The numerical linear algebra solver that you use will ultimately be the bottleneck of your large scale inversion. To be the most flexible, SimPEG provides wrappers rather than a comprehensive set of solvers (i.e. BYOS).

The interface is as follows:

A # Where A is a sparse matrix (or linear operator)
Ainv = Solver(A, **solverOpts) # Create a solver object with key word arguments
x = Ainv * b # Where b is a numpy array of shape (n,) or (n,*)
Ainv.clean() # This cleans the memory footprint(if any)


This is somewhat an abuse of notation for solvers as we never actually create A inverse. Instead we are creating an object that acts like A inverse, whether that be a Krylov subspace solver or an LU decomposition.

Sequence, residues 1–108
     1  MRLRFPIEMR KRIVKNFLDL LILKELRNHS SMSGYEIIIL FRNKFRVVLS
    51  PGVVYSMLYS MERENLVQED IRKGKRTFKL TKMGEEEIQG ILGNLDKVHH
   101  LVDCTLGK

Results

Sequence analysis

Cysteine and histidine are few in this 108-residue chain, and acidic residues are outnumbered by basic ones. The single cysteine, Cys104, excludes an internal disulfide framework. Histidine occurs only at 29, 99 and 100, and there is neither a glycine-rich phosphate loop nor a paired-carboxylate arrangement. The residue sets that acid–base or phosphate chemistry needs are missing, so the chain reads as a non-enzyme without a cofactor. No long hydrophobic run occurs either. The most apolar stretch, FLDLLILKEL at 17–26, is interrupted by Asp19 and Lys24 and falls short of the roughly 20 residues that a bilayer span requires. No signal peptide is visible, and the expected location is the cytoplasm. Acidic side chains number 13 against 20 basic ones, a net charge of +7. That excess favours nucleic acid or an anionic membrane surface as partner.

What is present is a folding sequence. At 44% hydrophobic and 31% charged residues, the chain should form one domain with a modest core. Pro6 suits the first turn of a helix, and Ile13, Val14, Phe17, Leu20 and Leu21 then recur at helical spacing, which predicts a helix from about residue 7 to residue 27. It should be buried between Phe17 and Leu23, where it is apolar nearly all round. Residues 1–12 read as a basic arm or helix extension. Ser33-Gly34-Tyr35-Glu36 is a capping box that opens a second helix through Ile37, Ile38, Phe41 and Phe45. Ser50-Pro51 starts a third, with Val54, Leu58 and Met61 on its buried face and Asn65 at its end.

To wrap up solvers in scipy.sparse.linalg it takes one line of code:

Solver   = SolverWrapD(sp.linalg.spsolve, factorize=False)
SolverLU = SolverWrapD(sp.linalg.splu, factorize=True)
SolverCG = SolverWrapI(


The above solvers are loaded into the base name space of SimPEG.


SimPEG.utils.solver_utils.SolverWrapD(fun, factorize=True, checkAccuracy=True, accuracyTol=1e-06, name=None)[source]

Wraps a direct Solver.

import scipy.sparse as sp
Solver   = solver_utils.SolverWrapD(sp.linalg.spsolve, factorize=False)
SolverLU = solver_utils.SolverWrapD(sp.linalg.splu, factorize=True)
SimPEG.utils.solver_utils.SolverWrapI(fun, checkAccuracy=True, accuracyTol=1e-05, name=None)[source]

Wraps an iterative Solver.

import scipy.sparse as sp
SolverCG = solver_utils.SolverWrapI(